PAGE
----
National Science Foundation invests $ 75 million in five new data science institutes
The National Science Foundation (NSF) announced last week that it would invest $ 75 million to establish five new Harnessing the data revolution Institutes. The institutes will bring together data science researchers and engineers to develop and apply new technologies in several scientific fields spanning biology, physics, neuroscience, geophysics and climate change.
Each of the five institutes will be centered on a main university which will coordinate surveys in several collaborating institutions.
The Harnessing the Data Revolution institutes represent one of the 10 âBig Ideasâ from the NSF in 2016 because it identified key areas for future investments at the frontiers of science and engineering. This is the latest example of the agency investing large sums in this research program.
“These new institutes will be at the forefront of innovation in data science,” said Manish Parashar, office director for NSF’s Office of Advanced Cyberinfrastructure. âThey position our country at the forefront of global science and engineering by bringing together diverse perspectives to support convergent research. “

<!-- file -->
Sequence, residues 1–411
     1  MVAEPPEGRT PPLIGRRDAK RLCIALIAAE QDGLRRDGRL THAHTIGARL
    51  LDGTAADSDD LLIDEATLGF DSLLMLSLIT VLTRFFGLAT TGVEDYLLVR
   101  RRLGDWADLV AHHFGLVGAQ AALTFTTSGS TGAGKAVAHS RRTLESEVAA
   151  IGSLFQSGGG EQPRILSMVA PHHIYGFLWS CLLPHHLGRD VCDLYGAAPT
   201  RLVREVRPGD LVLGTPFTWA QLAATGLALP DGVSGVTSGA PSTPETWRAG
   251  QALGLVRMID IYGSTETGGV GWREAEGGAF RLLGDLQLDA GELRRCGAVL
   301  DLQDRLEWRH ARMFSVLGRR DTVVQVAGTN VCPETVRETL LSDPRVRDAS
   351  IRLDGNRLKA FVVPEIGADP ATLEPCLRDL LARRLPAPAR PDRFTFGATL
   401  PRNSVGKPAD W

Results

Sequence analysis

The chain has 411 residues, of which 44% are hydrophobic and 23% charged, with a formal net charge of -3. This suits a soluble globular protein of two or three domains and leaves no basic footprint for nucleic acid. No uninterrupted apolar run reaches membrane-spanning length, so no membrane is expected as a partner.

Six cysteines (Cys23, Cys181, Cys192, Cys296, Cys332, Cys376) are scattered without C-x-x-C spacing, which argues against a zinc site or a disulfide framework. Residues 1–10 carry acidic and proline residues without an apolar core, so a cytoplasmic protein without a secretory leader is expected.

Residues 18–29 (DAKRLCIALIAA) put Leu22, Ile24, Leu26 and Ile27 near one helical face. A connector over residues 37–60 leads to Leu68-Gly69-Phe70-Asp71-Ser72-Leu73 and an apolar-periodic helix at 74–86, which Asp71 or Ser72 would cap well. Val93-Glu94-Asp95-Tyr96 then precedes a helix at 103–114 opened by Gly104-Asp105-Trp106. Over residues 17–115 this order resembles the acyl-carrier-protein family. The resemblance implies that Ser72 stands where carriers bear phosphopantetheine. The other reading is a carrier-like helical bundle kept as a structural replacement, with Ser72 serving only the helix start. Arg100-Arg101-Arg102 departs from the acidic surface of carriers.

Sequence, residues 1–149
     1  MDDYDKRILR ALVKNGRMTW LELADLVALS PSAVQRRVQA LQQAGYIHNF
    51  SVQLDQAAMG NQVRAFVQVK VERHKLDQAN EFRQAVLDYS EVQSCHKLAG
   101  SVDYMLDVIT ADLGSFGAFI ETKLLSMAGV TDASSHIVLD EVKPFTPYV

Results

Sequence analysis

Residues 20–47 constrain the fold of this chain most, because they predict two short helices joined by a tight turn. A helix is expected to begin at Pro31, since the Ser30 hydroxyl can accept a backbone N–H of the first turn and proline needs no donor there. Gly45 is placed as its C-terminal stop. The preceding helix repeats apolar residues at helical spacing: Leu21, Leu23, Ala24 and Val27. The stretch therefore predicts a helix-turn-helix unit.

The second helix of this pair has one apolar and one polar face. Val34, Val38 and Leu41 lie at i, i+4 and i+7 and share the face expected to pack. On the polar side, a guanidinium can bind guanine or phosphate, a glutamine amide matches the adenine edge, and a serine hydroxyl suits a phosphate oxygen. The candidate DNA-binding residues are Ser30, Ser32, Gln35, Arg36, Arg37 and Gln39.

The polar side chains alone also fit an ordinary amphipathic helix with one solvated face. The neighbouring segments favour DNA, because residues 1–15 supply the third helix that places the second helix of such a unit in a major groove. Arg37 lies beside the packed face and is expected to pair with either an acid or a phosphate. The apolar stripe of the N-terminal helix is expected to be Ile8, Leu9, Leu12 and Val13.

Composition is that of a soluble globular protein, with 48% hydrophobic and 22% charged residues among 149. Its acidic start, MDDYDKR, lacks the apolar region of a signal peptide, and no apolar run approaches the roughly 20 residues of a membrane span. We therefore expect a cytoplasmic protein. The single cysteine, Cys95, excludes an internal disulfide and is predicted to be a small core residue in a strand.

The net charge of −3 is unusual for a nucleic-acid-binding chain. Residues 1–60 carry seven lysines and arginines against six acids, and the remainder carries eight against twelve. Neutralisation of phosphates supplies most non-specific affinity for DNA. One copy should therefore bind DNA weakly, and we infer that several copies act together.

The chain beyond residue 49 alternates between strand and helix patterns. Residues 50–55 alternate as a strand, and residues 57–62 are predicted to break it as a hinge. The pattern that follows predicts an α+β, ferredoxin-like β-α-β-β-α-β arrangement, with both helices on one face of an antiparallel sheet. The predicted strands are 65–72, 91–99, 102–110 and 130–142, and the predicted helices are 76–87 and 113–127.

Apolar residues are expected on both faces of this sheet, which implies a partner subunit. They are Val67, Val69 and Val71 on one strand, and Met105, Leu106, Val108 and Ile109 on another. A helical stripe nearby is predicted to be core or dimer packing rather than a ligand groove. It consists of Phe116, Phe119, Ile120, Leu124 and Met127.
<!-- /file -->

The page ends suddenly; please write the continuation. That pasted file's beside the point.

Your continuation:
Here are summaries of each of the five awards, which are expected to run for four or five years and are funded at $ 13 to $ 15.5 million each.
The NSF Institute for a New Frontier of Biological Information Powered by Knowledge-Driven Machine Learning will be led by Ohio State University. The institute will establish the new field of imageomics, in which biologists use machine learning algorithms to analyze large amounts of images of living organisms collected from national centers, field stations, museums and individual laboratories.
The project will involve collaborations between researchers from the State of Ohio and co-researchers from Tulane University, Virginia Tech, Duke University and Rensselaer Polytechnic Institute. Other collaborators will come from more than 30 universities and organizations around the world.